“What makes that era seem if not golden then at least more sophisticated is that by comparison, local television today, Boston included, is in the doldrums. For the declining influence of local television, and for the withering influence upon younger viewers, executives blame the internet and the profusion of cable options. A reason they do not acknowledge is that it was made easier by the decline in quality since the era.”
Not a tiger mother (as his book makes clear, Vance’s mother did not qualify), but the Tiger Mother, Amy Chua, who was his law professor at Yale. The two authors talk to Caroline Kitchener about their mentoring relationship and how Chua helped bring Vance’s bestseller into being.
“Dancers are used to communicating with their bodies. But they can forget how much they rely on verbal cues until the directions are spoken in a different language.” Nevertheless, it can be done; Garnet Henderson offers four hints for how to manage it.
While authorities were aware that a small amount of looting had taken place, they did not realize the extent of the destruction until it was too late. The largest pyramid on the site of Nohmul (also known as Noh Mul), the most important Maya site in Belize, had been reduced to just a core of rubble.
Actor and writer Tania Richard: Who’s Afraid of Virginia Woolf “is not about a dysfunctional couple who is also possibly racist. It’s not about a Black man trying to make it in academia either. Mr. Streeter’s casting of a Black actor within the time period, on a small campus with two predatory characters cannot happen unless the Black actor’s skin color is ignored, overlooked and ultimately sacrificed for the story. Theatre is not the place where minority actors need to be sacrificed. It’s been done.”
That’s right, the massive success of the co-produced five-season show is bringing about “a Maple Golden Age.”
Tunisia, in fact, is relatively relaxed by Arab standards about female dress. The reason for the ban does, however, have to do with star Gal Gadot (and it will probably make you mutter, “Gawd, not that again”).
Greg Miller, who has worked at the theater for 27 years, said he was blindsided by the decision. But in retrospect, he should have have predicted changes were afoot — especially after he was told he no longer had to attend the annual board retreat. “I found it that odd since I’m the head artistic officer in an arts organization [and] I was no longer required to come speak at board meetings when my job description states that that’s required of me.”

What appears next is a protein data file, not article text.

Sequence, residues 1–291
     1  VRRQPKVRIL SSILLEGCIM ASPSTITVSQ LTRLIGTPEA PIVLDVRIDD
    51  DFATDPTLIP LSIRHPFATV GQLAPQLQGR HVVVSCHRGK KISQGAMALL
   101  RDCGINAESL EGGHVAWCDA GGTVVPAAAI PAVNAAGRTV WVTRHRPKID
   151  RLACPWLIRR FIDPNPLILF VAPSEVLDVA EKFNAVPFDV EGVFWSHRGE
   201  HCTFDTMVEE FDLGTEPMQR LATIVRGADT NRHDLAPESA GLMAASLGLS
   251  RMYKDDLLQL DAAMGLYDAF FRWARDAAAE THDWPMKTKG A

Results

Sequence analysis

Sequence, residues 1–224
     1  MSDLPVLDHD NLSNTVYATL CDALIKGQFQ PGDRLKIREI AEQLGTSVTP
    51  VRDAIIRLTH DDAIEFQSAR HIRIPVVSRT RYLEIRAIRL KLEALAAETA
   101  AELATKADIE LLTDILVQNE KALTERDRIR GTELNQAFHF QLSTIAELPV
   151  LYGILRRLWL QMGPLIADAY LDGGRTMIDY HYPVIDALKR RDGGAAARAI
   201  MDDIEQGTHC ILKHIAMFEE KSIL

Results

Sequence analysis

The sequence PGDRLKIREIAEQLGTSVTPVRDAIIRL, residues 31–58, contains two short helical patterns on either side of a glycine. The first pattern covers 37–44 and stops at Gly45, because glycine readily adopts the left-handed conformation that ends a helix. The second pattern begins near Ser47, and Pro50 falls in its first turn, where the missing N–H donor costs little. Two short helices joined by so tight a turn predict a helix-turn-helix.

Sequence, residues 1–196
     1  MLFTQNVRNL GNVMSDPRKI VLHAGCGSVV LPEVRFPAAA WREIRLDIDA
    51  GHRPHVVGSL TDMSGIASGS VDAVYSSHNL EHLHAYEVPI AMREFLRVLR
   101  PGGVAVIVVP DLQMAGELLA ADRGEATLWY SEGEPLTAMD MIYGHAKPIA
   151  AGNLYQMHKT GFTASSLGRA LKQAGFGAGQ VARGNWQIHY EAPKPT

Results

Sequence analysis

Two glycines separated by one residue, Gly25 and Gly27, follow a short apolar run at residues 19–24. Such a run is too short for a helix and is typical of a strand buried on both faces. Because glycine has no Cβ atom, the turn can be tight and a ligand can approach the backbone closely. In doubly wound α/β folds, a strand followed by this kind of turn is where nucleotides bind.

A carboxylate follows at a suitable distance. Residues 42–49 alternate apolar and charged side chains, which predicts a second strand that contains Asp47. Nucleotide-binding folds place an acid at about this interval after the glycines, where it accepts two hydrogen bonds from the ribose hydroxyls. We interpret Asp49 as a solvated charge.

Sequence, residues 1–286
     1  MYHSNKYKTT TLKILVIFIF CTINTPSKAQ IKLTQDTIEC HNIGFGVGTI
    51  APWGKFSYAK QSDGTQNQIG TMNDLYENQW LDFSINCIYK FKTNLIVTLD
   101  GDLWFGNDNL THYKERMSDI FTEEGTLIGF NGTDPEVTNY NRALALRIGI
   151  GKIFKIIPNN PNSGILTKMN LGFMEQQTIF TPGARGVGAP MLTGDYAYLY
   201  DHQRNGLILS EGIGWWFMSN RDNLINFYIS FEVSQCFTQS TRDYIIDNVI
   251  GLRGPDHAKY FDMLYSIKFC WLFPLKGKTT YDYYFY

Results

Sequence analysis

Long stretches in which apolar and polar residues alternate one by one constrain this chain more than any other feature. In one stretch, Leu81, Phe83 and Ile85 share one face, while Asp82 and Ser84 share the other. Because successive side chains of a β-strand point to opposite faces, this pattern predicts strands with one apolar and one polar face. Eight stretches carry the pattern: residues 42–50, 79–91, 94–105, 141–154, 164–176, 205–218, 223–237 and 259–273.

“It’s probably not a realistic or even practical list, but let’s indulge in a little blue-sky thinking.” Tim Wilmott’s list includes the obvious (physical and vocal training), the practical (balance film and stage training), the controversial (drop improv and Meisner), the dubious (political radicalisation), and, possibly, the hopeless (we’ll let you guess which one that is).
Paul Villinski had created Flower Bomber, a replica of a B-25 military plane made from recycled wood and fiberglass, especially for the atrium of the Taubman Museum of Art in Roanoke, Virginia, and the piece was taken the night before he was going to drive it there.
What’s more, it’s for a little egg-shaped structure from Guatemala. Carolina Miranda explains.
“Naomi Alderman’s The Power, … set in a dystopian future where women and girls can kill men with a single touch, was the favourite on a shortlist that included former winner Linda Grant and Man Booker-shortlisted Madeleine Thien.”
“In today’s America of drastically reduced civic expectations, Snøhetta’s quietly brilliant reconfiguration of Times Square is an exemplar of how much can be achieved in city planning without the gigantic financial outlays and dire social displacements that typified American postwar urban renewal projects.”
“Dylan submitted his lecture, four thousand and eight words long, to the Swedes on June 5th. You can read it here, and listen, too; Dylan made a recording of his text, speaking for twenty-seven minutes over a smoky, meditative jazz-piano arrangement. Not for him, the sombre pomp of the podium. He sounds like a lounge singer lost in contemplative patter, just letting the thoughts flow. Pour yourself a whiskey, honey, pull up a chair, and stay awhile.”
He was trying to shape an indigenous regional architecture for Southern California. And he was attempting to put a definitive end to — to bury for good — a deeply troubled decade in his personal and professional lives. The regionalism of the houses, their response to the landscape, history and climate of Southern California, is at once their most powerful and most naive feature.
“The democratisation of consumer goods has made them far less useful as a means of displaying status. In the face of rising social inequality, both the rich and the middle classes own fancy TVs and nice handbags. They both lease SUVs, take airplanes, and go on cruises. On the surface, the ostensible consumer objects favoured by these two groups no longer reside in two completely different universes. Given that everyone can now buy designer handbags and new cars, the rich have taken to using much more tacit signifiers of their social position.”